O.K. All these kids are American high school students. They were the majority of the 40 finalists in the 2010 Intel Science Talent Search, which, through a national contest, identifies and honors the top math and science high school students in America, based on their solutions to scientific problems. The awards dinner was Tuesday, and, as you can see from the above list, most finalists hailed from immigrant families, largely from Asia.

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altState research and development budgets were challenged last year by an international recession but as I look across the nation, a handful of innovation-based state agencies continue to make progress even in difficult times. The Oklahoma Center for the Advancement of Science and Technology is one of those.

In my role as president and CEO of Innovation America, a national organization with a mission to accelerate the growth of the entrepreneurial innovation economy in America, I look for best practice technology-based economic development agencies that are "game changers” in their respective states. OCAST is one of the best examples I have seen for carrying out a state’s initiative to develop its innovation economy.

OCAST has a robust pipeline of programs that includes applied research, health research, small-business innovation research (SBIR), research and development intern partnerships, nanotechnology, plant research, manufacturing excellence and technology commercialization. This pipeline is vital to the infrastructure that can help transform a state’s economy.

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altYale University, which has the second largest endowment behind Harvard and is the top performing endowment in the U.S., has increased its allocation to private equity, including venture capital, according to a report released yesterday. The endowment is boosting its private-equity allocation from 21 percent to 26 percent, despite having lost 26% of the value of its private-equity investments in 2009.

The decision, made at a June 2009 committee meeting, is a pleasant surprise for venture capital firms. The consensus in the industry has been that pullback from endowments, pension funds, and other big institutions that keep funds flowing to the global Silicon Valley will leave the venture industry at half its size within five years. But those were the optimistic folks. Others argued that poor returns in the VC industry was the main reason the for the pullback, and that as a result, the VC industry could be cut even further – or possibly even go away.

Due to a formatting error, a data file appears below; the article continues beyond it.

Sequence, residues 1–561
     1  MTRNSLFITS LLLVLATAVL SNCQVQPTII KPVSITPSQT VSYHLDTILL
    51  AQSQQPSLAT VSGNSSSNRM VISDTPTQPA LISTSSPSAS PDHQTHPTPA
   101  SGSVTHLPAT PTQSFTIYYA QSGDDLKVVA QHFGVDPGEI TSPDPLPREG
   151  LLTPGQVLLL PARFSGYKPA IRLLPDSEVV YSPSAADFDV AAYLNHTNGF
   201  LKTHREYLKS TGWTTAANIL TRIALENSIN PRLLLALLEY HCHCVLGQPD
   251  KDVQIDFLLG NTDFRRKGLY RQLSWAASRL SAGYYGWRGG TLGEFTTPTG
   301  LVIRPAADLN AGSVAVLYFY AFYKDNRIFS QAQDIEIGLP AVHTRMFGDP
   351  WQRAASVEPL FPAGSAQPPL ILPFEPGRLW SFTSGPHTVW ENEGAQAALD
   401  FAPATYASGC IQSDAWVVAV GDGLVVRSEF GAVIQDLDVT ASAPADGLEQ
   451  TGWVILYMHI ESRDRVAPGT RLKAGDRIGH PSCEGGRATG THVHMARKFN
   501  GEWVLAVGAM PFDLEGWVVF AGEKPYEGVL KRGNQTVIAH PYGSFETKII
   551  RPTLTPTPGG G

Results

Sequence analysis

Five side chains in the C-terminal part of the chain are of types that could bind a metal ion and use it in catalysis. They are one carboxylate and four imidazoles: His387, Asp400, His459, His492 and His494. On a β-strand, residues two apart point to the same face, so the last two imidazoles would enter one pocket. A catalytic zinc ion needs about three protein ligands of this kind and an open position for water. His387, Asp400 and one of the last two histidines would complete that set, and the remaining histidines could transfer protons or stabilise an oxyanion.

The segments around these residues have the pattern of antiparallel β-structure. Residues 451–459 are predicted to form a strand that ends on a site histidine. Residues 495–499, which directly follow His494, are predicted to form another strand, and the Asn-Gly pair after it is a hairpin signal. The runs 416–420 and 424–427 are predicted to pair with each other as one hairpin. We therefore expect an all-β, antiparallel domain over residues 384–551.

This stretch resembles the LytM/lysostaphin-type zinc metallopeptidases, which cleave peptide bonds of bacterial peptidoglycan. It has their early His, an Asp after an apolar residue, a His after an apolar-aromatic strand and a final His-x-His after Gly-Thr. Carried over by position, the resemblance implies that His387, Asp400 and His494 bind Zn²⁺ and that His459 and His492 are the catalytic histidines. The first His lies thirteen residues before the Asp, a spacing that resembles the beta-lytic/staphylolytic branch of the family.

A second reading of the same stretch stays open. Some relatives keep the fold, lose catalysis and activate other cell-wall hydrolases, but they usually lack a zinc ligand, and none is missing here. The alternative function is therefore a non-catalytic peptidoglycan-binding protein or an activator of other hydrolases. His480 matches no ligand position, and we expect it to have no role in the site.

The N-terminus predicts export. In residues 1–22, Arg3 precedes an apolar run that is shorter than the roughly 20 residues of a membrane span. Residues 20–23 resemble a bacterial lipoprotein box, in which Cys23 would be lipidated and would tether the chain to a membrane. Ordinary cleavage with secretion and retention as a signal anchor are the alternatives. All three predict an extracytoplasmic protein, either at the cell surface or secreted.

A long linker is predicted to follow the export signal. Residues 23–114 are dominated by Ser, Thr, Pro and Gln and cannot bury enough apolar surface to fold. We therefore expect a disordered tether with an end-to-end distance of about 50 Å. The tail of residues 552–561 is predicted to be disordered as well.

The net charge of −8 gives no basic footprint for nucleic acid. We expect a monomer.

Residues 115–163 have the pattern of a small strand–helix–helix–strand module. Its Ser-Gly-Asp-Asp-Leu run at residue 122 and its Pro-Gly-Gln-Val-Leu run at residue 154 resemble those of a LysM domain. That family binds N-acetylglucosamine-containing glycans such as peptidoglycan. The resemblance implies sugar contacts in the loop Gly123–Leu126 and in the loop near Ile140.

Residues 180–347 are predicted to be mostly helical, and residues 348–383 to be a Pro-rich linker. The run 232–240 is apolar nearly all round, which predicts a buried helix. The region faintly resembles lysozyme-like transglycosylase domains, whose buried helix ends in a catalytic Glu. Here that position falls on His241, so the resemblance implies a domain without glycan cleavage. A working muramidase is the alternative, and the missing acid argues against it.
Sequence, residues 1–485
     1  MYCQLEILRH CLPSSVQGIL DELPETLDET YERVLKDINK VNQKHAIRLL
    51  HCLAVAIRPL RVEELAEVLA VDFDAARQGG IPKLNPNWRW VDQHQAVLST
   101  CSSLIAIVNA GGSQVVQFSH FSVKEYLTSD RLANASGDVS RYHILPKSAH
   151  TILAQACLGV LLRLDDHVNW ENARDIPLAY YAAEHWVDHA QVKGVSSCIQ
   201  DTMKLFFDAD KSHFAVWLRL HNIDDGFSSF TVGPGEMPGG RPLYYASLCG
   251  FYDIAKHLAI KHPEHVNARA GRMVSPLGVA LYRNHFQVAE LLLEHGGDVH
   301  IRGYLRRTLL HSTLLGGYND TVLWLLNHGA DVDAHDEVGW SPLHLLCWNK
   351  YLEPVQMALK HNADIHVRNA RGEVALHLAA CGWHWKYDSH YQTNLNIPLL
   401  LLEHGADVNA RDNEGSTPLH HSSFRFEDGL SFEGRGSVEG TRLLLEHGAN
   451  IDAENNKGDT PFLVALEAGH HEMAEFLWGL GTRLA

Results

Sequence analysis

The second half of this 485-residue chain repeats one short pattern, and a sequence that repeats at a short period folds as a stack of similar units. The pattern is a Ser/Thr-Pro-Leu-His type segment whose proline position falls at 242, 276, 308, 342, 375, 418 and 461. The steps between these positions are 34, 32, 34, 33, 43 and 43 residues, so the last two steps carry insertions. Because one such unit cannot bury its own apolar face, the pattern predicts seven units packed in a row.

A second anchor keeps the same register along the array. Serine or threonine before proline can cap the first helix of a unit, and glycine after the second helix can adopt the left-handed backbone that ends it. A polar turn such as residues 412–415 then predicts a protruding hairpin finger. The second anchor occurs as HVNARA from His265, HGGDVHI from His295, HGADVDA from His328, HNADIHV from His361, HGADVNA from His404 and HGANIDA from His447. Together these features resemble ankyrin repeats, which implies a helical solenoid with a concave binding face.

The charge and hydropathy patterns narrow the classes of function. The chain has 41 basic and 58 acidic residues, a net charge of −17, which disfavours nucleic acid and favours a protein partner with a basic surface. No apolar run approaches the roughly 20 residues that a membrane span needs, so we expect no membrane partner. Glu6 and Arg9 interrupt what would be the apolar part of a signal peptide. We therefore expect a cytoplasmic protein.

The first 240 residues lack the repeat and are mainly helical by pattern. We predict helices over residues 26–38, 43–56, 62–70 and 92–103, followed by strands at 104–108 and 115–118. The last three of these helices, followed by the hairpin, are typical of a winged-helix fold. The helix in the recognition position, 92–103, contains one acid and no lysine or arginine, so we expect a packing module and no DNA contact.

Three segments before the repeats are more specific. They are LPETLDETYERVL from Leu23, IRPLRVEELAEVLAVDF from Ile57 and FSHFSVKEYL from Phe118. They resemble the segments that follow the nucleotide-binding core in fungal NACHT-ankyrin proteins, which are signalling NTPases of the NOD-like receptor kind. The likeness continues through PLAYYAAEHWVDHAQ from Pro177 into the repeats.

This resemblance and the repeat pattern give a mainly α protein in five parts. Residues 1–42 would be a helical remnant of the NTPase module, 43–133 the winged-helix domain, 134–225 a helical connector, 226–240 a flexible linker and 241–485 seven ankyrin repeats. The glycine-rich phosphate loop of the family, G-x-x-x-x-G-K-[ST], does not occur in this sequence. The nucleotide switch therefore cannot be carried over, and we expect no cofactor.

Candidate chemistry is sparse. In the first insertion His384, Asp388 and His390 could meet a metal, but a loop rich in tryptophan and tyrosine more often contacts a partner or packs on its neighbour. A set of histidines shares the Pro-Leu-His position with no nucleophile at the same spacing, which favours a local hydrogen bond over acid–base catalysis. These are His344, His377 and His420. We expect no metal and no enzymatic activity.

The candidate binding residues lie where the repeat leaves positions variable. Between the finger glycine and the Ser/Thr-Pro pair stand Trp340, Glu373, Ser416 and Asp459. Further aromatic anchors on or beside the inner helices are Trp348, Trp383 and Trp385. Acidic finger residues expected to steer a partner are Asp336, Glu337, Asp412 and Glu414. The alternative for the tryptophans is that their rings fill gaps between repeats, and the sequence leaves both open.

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When we heard ESPN was testing 3D at its new Innovation Lab at the newly rebranded ESPN Wide World of Sports, we just had to see it for ourselves. But while the fact that ESPN was testing 3D during a Globetrotters game caught our attention, after we arrived we discovered that ESPN did more than just change the name from Disney's Wide World of Sports. No, ESPN built a lab and a full production studio that is tied into its main one in Bristol via ESPN's fiber network -- so no need to bring in satellite trucks. There were new video boards erected around the facility and enough fiber was run through out the place to support more HD cameras then ESPN even owns. In addition, permanent HD cameras were installed throughout the facility which Disney hopes to leverage to eventually let you bring HD recordings of your little league tournament home. Now of course the lab and 3D was of the most interest to us and in there we found lots of HDTVs and of course a 3DTV, all with access to the main control room as well as all the cameras in the facility. We did get to check out the very same footage of 3D gold that evidently helped persuade The Masters to go 3D -- and we can see why, even the casual golf fan can easily see how much an extra dimension adds to the production. Overall we learned that ESPN is serious about testing out new gear and technology at this new facility, and the rebranding of the park is about more than just changing the signs.